DR Congo’s government said today it has sent three international arrest warrants to Rwanda against former M23 rebel leader Jean-Marie Runiga and commanders Baudouin Ngaruye, Eric Badege and Innocent Zimurinda.
Government spokesman Lambert Mende said that the Congolese government was looking forward to the response of the Rwandan government “in accordance with the agreement on judicial cooperation between the two countries, the commitments contained in item 5 of the Addis Ababa Framework Agreement and the latest recommendations from the UN Security Council.”
The former M23 rebels are accused of murder, imprisonment, torture, rape, sexual slavery, persecution on ethnic grounds, conscription and use of children less than 15 years old into their rebel group.
Jean-Marie Runiga was removed in February as the leader of the M23 political wing by current M23 commander Sultani Makenga and fled to Rwanda. Runiga had supported Bosco Ntaganda against Makenga when infighting broke out in the rebel group, ultimately leading to Ntaganda’s escape to Kigali and transfer to the International Criminal Court.
The UN High Commissioner for Human Rights, Navi Pillay, has said about Ngaruye and Innocent Kaina, another M23 rebel commander that “every effort must be made to hold these men, and the soldiers under their command, accountable for human rights violations committed against civilians — both for crimes committed within the context of the current mutiny, and also for offences committed previously.”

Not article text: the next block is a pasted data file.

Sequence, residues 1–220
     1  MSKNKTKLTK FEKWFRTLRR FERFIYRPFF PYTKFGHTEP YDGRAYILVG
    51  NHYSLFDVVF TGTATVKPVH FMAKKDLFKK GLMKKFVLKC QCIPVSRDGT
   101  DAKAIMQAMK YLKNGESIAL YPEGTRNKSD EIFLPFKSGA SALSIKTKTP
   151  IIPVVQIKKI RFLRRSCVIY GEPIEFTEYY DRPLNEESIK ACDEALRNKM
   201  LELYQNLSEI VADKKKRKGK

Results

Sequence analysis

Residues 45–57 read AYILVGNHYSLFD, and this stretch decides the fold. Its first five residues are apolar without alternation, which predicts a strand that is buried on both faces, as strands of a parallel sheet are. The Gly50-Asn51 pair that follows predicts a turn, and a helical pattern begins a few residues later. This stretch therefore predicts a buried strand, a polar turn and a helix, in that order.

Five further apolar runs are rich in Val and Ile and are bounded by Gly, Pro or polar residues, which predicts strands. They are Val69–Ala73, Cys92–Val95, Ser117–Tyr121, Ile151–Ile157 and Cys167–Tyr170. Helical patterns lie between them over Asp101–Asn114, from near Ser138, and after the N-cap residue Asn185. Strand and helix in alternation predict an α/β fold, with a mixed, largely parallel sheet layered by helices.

Current M23 rebel leader Sultani Makenga was put under U.S. sanctions in November last year. The U.S. said then that “Sultani Makenga is responsible for extensive atrocities against the population in the DRC, including the recruitment of child soldiers, and campaigns of violence against civilians.”
While Rwanda has claimed for years that it does not support rebel groups in eastern Congo, it has nevertheless given refuge to several former rebel leaders accused of war crimes in Congo such as Laurent Nkunda, Jules Mutebusi, Runiga, Zimurinda and Ngaruye, and others.
The UN and African Union-brokered Addis Ababa Framework Agreement, signed in February by 11 countries to tackle the conflict in eastern Congo, calls on neighboring countries to “neither harbor nor provide protection of any kind to persons accused of war crimes, crimes against humanity, acts of genocide or crimes of aggression, or persons falling under the UN sanctions regime.”